The Cannibal Creek Biodiversity Project that was affected by a bushfire in March 2019 is showing signs of recovery with native flora and fauna returning.
On a recent visit to the site the Biodiversity On Ground Action team saw how the fire was helpful in reducing target weed species in some areas. The fire burned in patches of differing intensity, resulting in some weed infestations being incinerated.
The fire also opened up habitat which allowed native plant species to regenerate including important orchid species, forbs and grasses. Ferns have also recovered in damp gullies.
Sightings of native fauna returning to the area include echidnas, lyrebirds and lace monitors.
“The post-fire recovery of plants and animals in the project area has given an insight into the resilience of the environment following a significant and devastating disturbance,” says Geoff Lockwood, Project Coordinator.
In March 2019 a bushfire burnt over 80% of the Cannibal Creek Catchment Biodiversity Project, which was working to reduce the impact of weeds, deer and fox in remnant vegetation.
“The local community was very keen to get back in to do biodiversity conservation work soon after the fire,” says Geoff Lockwood, Project Coordinator. “It is a testament to how important getting back into the bush was for the healing and recovery of the local community, and how important community involvement is to protect the environment.”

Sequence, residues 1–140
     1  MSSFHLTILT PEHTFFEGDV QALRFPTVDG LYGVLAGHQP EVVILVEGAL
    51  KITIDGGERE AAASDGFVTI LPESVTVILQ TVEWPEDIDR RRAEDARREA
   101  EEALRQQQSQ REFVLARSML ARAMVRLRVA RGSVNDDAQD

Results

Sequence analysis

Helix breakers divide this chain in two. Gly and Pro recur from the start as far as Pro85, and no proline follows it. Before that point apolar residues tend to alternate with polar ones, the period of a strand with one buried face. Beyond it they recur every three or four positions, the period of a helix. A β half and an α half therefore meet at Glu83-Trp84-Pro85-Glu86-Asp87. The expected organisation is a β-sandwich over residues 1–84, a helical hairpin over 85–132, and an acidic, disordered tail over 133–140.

A community initiative following the fire was to trial a fenced enclosure to exclude deer from a site containing significant plants species that avoided being burnt in the March 2019 fire.
The Cannibal Creek Biodiversity Project was designed and is led by a stakeholder group consisting of local Landcare and environmental community groups. Weed control is undertaken mostly by licenced contractors engaged by the respective land managers or volunteers. Pest animal control is coordinated by a dedicated group of community volunteers.
Today the on-ground biodiversity activities are continuing with removing established weeds in unburnt vegetation to prevent seed re-infestation, and ongoing deer and fox control.
The project is supported by Cardinia Shire, Melbourne Water, Port Phillip and Westernport CMA, DELWP, Bendigo Bank, and the Australian Government.
Page last updated: 20/02/20